Recipe for a Hero
What elements make a mythical hero? According to Joseph Campbell a mythical hero follows the monomyth process, which includes beginning the adventure, a separation, descent into the underworld, trials and tests, the triumph, emergence, return, and a new power or knowledge. The books Beowulf and Sir Gawain and the Green Knight, both translated by Burton Raffel and the movie Star Wars by George Lucas have mythical heroes. The three works are each about a man who wishes to prove himself a hero. Beowulf, a brave warrior, must defeat various monsters. Sir Gawain, a gallant knight, puts his own virtues to the test when he agrees to exchange blows with the Green Knight. Luke Skywalker, a Jedi in training, must help to destroy the evil Empire that threatens his people. Luke's adventure demonstrates his completion of Campbell's process when compared to the heroes Beowulf and Gawain who follow the process as well.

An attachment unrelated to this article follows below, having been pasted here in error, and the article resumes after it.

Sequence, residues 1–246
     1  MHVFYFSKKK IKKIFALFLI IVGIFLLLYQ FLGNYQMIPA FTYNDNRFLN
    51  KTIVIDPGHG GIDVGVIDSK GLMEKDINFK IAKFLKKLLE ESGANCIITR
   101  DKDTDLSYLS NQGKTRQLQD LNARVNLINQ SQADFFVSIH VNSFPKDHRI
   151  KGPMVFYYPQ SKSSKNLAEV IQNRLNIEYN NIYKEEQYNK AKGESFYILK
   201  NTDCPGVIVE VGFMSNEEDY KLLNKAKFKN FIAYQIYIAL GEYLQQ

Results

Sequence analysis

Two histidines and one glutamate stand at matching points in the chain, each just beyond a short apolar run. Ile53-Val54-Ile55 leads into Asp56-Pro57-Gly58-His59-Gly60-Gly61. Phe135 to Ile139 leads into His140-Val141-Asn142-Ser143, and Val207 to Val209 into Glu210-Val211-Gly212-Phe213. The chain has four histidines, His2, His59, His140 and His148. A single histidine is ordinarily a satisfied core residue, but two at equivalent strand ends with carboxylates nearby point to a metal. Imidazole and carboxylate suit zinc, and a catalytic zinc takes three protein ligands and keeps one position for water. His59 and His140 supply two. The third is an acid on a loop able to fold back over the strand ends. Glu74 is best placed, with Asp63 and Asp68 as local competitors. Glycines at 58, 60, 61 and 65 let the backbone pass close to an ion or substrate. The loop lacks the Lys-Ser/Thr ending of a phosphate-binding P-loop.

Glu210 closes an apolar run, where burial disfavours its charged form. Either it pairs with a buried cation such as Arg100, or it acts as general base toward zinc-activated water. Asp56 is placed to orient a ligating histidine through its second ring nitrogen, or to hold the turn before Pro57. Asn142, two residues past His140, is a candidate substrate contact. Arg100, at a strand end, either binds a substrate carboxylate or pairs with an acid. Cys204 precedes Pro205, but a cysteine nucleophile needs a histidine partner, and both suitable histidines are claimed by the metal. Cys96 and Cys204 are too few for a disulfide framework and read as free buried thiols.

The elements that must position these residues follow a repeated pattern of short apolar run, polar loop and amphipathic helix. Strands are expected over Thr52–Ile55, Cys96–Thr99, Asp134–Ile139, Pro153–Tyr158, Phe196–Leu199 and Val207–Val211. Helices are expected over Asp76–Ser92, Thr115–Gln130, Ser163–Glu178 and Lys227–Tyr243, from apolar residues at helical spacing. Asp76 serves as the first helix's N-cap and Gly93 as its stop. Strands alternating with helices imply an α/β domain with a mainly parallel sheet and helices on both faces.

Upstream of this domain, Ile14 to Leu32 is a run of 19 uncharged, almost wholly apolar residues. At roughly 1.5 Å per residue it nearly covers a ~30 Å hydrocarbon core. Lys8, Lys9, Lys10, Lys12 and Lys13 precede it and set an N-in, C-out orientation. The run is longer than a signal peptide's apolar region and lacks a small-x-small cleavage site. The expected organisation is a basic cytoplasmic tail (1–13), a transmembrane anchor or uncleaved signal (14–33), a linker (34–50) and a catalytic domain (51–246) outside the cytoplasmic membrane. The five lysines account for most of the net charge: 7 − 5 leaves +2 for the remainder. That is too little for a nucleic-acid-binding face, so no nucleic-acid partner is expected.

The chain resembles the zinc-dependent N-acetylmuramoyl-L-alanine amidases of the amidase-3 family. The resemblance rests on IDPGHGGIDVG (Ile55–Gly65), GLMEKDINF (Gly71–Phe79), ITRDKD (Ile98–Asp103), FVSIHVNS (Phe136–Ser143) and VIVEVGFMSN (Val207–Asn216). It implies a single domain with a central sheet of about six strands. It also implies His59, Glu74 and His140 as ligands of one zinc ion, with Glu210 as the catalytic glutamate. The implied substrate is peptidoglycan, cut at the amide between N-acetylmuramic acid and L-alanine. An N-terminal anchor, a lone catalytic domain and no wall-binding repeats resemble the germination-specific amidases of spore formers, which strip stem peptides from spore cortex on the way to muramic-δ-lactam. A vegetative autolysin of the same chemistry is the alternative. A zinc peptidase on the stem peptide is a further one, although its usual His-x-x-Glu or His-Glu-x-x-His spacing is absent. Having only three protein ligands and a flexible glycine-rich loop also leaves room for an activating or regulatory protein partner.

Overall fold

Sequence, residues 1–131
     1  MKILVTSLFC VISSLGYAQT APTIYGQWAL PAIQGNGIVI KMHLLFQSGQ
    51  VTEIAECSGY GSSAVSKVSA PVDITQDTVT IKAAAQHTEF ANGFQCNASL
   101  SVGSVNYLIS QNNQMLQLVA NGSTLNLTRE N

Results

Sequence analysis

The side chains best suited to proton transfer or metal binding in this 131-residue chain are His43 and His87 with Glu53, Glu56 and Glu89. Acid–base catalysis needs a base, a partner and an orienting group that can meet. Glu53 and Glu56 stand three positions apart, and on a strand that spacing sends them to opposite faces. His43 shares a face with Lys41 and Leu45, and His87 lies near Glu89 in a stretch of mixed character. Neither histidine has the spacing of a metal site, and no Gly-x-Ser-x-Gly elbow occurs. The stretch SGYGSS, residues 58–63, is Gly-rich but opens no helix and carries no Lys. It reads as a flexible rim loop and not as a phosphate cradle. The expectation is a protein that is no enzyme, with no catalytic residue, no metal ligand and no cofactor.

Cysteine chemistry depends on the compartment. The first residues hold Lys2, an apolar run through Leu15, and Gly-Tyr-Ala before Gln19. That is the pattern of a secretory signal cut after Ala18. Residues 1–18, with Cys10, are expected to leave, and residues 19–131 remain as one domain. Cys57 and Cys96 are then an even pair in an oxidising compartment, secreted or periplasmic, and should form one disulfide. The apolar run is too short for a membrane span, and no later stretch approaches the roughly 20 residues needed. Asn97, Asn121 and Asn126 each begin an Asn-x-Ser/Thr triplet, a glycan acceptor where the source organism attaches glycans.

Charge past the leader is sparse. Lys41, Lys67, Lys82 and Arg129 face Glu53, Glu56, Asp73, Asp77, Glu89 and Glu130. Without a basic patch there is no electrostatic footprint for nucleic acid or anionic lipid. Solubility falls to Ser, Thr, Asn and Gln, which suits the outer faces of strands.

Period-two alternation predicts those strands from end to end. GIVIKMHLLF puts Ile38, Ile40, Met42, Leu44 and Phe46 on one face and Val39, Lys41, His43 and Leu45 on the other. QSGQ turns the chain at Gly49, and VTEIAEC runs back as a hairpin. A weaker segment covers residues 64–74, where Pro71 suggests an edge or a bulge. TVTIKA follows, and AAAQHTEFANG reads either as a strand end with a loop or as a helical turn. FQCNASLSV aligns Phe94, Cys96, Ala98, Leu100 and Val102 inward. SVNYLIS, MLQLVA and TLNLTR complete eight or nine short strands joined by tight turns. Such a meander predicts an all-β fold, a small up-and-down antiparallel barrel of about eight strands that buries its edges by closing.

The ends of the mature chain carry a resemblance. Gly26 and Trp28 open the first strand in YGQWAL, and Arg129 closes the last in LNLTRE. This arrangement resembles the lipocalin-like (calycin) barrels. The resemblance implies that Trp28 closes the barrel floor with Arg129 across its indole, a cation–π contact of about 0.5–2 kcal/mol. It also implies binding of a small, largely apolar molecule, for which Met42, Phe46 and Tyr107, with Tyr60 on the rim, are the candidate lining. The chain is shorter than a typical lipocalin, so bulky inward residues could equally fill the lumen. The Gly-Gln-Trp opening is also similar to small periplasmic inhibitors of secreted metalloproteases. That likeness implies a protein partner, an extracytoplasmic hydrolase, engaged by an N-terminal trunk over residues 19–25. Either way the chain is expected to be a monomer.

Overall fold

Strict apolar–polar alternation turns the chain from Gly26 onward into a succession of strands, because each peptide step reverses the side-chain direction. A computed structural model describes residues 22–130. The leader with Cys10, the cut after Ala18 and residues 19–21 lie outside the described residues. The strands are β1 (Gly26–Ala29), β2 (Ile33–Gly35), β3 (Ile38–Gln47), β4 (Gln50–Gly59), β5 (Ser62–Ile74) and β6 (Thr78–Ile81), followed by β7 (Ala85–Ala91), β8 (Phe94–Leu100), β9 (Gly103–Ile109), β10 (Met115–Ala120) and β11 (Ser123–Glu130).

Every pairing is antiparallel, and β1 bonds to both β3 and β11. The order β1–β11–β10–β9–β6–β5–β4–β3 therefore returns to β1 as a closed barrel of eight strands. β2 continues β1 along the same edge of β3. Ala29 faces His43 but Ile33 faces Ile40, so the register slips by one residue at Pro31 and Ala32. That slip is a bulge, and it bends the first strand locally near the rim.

According to Joseph Campbell's monomyth process a hero must begin his adventure and undergo a separation. Luke Skywalker meets Obi Wan Kenobi and decides to go with him to learn the ways of the force and fight the evil Empire. Then he hires Hans Solo as a pilot and leaves his home planet, separating himself from all he has ever known. He will fight so that more innocent people will not suffer at the hands of the Empire. Similarly, when Beowulf learns of Grendel he fits out a boat to sail across the sea to Hrothgar, now when help was needed(Raffel 200). He then leaves his homeland to rescue King Hrothgar's people from the horror of the monster. Both men face a crisis and leave home to prove themselves and to save innocent lives.
The mythical hero must next make his entry into the...